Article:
Black Carpenter Ant Infestation in a Garden

Eastern black carpenter ants (via Wikimedia Commons, CC BY-SA 4.0)

Black carpenter ant infestations in a garden can cause significant damage to outdoor structures and plants. They build their nests in wood, including trees and wooden garden structures, causing tunnels and galleries as they burrow. An infestation can weaken the structural integrity of a wooden structure and kill plants by girdling the trunk.


  • Presence of ant trails or swarms of ants
  • Seeing large, winged reproductive ants (swarmers) in or near a structure
  • Damaged or hollowed out wood in trees or wooden structures
  • Frass (sawdust-like material) near ant activity
  • Presence of irregular or smooth galleries in wood, which are used by the ants to move around
  • Stains, discoloration, or softening of the wood near the ant activity
  • A sawdust-like material near the ant activity, which is the result of the ants burrowing through the wood
  • Piles of dead ants near the nest site
  • Unexplained, persistent, and intense ant activity in or near the garden
  • A sweet or pungent odor near the ant activity, which may indicate the presence of ant pheromones.

What is a Black Carpenter Ant

  • Black or dark brown in color, with a glossy and smooth appearance
  • About 1/4 to 1/2 inch in length, with some individuals reaching up to 5/8 inch in length
  • Has a distinctive large head and mandibles relative to its body, which are used for chewing and excavating wood
  • May have wings, but wings are not always present, and only reproductive individuals have wings
  • Antennae are elbowed and have a gradual curve, with 12 segments
  • Body is segmented, with three distinct regions: the head, thorax, and abdomen
  • Body is shiny and smooth, with no noticeable hair or fur
  • Has powerful mandibles that are used for biting, chewing, and excavating wood
  • Legs are long and spiny, with a two-segmented waist (petiole) that separates the thorax and abdomen.

Treating a Black Carpenter Ant Infestation

It may be necessary to use multiple methods to effectively control a black carpenter ant infestation in a garden. For example, physical control measures can be used to prevent ant access to the garden, while chemical control measures can be used to kill the existing colony. Cultural and biological control methods can be used to create an environment that is less hospitable to ants and more supportive of ant predators. Additionally, ongoing monitoring and maintenance, including regular inspections and timely repairs, can help prevent new ant infestations from taking hold.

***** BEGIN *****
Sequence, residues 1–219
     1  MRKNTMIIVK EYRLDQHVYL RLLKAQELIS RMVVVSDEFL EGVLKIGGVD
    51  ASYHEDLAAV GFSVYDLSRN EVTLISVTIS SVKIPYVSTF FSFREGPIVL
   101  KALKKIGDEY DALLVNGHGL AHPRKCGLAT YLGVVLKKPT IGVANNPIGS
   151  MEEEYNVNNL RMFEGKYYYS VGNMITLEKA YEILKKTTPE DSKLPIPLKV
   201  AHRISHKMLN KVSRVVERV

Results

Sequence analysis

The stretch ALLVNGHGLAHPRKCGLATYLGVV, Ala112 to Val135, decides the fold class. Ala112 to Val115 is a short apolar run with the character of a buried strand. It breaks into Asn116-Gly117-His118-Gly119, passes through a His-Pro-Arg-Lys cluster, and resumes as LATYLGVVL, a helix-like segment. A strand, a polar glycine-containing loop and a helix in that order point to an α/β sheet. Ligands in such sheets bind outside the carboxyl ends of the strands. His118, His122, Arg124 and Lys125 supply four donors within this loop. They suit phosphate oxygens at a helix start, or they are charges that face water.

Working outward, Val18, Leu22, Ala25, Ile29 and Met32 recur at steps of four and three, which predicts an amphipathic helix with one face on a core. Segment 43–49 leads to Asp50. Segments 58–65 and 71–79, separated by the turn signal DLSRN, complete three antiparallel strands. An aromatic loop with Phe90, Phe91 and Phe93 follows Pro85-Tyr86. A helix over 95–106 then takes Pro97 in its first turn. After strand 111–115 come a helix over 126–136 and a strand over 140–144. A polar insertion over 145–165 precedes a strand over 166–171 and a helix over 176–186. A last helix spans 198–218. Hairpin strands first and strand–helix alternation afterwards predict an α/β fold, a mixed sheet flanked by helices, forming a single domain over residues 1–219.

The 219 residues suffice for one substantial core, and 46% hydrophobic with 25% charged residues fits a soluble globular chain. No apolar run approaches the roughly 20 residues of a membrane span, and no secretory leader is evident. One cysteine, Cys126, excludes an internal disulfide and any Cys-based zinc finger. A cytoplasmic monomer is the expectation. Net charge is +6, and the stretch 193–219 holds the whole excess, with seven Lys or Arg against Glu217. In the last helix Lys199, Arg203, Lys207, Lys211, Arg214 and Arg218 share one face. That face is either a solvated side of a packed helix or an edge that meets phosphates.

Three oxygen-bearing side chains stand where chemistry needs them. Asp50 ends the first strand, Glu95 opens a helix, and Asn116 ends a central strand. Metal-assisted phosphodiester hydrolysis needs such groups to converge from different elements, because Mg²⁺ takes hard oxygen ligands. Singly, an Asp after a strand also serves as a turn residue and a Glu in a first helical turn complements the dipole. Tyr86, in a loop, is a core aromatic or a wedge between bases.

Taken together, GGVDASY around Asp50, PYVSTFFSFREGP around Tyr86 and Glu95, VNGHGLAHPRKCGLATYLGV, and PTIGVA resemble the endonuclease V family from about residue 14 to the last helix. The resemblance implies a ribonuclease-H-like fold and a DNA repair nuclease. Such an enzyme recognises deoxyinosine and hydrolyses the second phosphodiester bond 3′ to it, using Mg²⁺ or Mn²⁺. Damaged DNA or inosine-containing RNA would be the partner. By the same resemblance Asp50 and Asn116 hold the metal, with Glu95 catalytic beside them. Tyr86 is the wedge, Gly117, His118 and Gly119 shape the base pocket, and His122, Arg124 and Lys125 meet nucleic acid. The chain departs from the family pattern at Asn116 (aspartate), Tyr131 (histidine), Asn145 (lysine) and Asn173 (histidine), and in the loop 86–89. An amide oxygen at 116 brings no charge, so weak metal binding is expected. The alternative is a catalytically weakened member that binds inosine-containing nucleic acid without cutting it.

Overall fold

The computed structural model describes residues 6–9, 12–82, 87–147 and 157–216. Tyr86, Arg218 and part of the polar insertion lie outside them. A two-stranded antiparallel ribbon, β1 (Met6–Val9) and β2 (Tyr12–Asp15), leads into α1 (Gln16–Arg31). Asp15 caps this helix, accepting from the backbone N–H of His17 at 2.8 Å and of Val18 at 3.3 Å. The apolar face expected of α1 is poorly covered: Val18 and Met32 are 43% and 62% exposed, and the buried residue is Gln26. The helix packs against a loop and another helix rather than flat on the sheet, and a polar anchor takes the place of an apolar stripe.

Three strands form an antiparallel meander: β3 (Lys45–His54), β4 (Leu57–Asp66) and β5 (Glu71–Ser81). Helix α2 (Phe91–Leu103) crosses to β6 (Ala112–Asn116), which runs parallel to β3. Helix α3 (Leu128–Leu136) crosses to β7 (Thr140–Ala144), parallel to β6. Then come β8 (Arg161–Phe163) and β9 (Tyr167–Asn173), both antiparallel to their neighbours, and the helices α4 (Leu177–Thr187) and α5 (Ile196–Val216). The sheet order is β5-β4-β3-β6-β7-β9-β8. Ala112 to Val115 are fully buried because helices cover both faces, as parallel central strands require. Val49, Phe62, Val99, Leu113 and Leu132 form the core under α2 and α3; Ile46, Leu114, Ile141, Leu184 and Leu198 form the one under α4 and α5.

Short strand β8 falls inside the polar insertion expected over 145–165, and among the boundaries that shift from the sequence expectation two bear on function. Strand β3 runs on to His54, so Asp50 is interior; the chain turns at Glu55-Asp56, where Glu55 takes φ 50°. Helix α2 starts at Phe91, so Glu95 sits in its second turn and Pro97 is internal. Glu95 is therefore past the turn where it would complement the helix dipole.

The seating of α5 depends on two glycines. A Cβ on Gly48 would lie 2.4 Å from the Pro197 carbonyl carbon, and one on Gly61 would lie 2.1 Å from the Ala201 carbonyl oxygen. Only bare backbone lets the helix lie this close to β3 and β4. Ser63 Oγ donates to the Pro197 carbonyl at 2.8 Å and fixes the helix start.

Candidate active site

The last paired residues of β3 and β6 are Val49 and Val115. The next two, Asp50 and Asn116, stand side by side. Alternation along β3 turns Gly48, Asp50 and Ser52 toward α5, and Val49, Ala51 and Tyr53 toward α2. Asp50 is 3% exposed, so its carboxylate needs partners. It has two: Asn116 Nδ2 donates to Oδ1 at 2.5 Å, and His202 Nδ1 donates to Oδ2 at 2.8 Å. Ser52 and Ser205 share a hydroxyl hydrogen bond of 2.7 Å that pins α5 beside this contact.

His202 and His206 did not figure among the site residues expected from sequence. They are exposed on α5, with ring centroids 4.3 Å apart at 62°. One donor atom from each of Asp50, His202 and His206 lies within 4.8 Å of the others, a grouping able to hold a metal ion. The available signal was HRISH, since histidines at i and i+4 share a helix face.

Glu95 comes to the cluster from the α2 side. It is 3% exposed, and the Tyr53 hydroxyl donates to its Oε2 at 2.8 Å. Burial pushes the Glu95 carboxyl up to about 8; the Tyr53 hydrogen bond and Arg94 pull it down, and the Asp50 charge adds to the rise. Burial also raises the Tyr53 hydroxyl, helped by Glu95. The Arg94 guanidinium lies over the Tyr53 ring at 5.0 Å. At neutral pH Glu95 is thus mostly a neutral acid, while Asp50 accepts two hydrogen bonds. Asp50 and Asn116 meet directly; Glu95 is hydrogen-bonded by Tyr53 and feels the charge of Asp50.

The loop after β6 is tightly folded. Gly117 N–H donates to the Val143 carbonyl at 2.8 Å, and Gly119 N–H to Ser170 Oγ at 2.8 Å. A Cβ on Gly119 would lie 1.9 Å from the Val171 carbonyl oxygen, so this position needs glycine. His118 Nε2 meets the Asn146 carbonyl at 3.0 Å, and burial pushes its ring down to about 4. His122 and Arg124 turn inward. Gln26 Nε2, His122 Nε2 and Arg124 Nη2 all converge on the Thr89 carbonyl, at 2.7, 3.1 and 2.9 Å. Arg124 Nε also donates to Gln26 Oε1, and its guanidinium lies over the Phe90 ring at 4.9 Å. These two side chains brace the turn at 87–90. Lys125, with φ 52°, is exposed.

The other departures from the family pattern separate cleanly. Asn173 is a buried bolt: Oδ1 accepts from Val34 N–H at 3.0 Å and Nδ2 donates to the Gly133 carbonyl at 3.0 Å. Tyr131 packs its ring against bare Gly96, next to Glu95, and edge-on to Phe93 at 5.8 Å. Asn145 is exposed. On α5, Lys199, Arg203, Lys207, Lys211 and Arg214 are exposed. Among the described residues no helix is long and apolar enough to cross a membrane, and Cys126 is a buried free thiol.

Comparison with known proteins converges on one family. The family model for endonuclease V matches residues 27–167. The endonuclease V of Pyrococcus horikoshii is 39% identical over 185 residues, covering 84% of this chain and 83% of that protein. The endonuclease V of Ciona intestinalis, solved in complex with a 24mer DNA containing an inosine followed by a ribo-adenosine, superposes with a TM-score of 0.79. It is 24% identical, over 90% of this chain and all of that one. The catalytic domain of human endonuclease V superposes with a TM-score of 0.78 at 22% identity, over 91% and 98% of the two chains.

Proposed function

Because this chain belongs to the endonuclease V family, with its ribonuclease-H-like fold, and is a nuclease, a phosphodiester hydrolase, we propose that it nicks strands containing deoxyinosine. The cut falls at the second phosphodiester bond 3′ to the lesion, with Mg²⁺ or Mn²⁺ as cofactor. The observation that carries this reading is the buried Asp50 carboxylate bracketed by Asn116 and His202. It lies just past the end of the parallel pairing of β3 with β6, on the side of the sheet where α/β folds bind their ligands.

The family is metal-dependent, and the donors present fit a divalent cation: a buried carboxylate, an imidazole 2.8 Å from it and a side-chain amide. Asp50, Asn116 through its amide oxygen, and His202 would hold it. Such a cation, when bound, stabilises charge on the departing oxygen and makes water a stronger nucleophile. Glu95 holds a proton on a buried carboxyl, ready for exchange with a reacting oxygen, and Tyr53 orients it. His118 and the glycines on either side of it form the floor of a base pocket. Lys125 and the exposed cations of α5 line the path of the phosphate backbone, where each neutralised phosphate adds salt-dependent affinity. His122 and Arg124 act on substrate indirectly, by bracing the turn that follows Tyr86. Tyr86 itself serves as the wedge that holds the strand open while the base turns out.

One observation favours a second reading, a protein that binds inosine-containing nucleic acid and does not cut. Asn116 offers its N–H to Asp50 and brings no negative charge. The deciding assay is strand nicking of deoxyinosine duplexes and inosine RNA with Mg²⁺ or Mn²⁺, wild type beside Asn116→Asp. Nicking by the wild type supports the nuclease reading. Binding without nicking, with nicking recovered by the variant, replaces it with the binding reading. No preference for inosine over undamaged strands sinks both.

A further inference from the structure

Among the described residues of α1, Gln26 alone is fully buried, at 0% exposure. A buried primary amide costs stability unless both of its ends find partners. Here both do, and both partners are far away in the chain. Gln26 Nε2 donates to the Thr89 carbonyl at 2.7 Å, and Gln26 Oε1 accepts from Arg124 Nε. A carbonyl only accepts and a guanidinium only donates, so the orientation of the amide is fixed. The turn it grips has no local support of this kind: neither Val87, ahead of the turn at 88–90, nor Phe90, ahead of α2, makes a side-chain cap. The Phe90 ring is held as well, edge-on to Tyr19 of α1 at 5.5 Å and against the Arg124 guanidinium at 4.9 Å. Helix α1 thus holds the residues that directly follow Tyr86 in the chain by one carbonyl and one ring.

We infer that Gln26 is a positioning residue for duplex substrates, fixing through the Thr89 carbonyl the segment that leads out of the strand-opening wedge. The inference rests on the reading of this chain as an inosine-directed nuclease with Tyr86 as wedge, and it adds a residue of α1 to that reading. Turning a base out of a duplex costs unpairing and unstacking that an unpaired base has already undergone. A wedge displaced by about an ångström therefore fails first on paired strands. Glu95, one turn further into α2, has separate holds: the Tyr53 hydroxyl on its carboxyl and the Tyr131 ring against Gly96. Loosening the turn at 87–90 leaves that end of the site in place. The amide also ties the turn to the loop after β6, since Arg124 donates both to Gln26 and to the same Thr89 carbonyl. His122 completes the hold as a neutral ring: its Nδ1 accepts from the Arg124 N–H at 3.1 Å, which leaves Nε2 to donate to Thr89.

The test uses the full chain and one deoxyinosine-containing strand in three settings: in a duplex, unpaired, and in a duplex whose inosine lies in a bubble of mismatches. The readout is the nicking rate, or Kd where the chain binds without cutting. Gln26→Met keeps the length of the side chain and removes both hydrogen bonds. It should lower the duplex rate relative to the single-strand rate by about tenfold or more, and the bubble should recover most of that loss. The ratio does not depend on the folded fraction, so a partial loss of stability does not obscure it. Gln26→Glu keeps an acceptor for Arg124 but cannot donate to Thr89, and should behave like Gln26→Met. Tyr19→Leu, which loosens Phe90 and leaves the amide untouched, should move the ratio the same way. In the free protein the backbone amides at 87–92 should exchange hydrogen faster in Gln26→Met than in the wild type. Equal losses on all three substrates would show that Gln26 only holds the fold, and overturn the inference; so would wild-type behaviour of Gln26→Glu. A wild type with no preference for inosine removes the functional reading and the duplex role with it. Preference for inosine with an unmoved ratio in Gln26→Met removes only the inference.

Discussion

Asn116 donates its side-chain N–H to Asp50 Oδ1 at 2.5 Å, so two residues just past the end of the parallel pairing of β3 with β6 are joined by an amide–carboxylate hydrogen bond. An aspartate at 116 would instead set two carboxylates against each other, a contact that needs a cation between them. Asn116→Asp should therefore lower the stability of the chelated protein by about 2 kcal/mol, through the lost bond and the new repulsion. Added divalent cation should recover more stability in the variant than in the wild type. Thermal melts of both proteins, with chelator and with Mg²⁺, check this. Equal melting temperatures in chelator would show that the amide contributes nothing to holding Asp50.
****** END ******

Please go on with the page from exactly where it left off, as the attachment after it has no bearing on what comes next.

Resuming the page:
Chemical Control

  • Using insecticide sprays, dusts, or baits to kill the ants and their colony
  • Selecting a product that is labeled for use against carpenter ants and specifically targets their biology and behavior
  • Applying the product directly to ant trails, nests, or infested wood, paying attention to entry points, windowsills, and other areas where ants may be entering the garden or structure
  • Re-treating as necessary according to the product label instructions and observing the efficacy of the treatment
  • Taking precautions to protect plants, animals, and the environment, including avoiding the application of insecticides on blooming plants and near sources of water, and following all safety instructions and application rates listed on the product label

Physical Control

  • Removing infested wood and replacing it with new, treated wood that has been treated with a wood preservative or borate product
  • Sealing cracks and crevices, especially around windows, doors, and utility lines, using silicone or silicone-latex caulk, steel wool, or other appropriate materials
  • Trimming trees and shrubs to eliminate contact with buildings and reduce the number of harborage sites for ants
  • Clearing debris and trash from around the structure and garden to reduce harborage sites for ants and other pests
  • Installing door sweeps and weather stripping to reduce ant access to the structure, and repairing or replacing damaged screens and windowsills
  • Using sticky barriers or tapes along ant trails to prevent ant movement and forage

Cultural Control

  • Maintaining a clean and well-manicured garden, including removing piles of leaves, wood, and debris, and regularly raking and removing clippings and mulch
  • Keeping trees and shrubs trimmed and well-pruned, and avoiding unnecessary damage to the bark and branches, which can create entry points for ants and other pests
  • Repairing leaks and other sources of moisture, such as clogged gutters and downspouts, to reduce the availability of water that can attract ants and other pests
  • Storing firewood, lumber, and other materials away from the garden and structures, and using elevated racks or pallets to keep these materials off the ground and dry

Biological Control

  • Using parasitic nematodes, such as Steinernema carpocapsae, to attack and kill the ant larvae and pupae in the nest
  • Encouraging the presence of ant-predators, such as birds, reptiles, and other insects, in the garden
  • Planting ant-repelling plants, such as mint, tansy, or pennyroyal, in the garden or near the structure